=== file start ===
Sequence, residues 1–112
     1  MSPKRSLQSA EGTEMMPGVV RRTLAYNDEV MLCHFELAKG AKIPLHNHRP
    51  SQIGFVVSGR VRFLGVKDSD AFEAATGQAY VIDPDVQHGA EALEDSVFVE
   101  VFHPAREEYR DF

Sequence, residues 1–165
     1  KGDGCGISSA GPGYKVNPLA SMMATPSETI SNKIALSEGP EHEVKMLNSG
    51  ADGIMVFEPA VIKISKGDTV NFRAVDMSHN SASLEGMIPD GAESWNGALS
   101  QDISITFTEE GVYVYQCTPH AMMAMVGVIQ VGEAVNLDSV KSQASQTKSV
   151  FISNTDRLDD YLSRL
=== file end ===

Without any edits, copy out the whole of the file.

Sequence, residues 1–112
     1  MSPKRSLQSA EGTEMMPGVV RRTLAYNDEV MLCHFELAKG AKIPLHNHRP
    51  SQIGFVVSGR VRFLGVKDSD AFEAATGQAY VIDPDVQHGA EALEDSVFVE
   101  VFHPAREEYR DF

Sequence, residues 1–165
     1  KGDGCGISSA GPGYKVNPLA SMMATPSETI SNKIALSEGP EHEVKMLNSG
    51  ADGIMVFEPA VIKISKGDTV NFRAVDMSHN SASLEGMIPD GAESWNGALS
   101  QDISITFTEE GVYVYQCTPH AMMAMVGVIQ VGEAVNLDSV KSQASQTKSV
   151  FISNTDRLDD YLSRL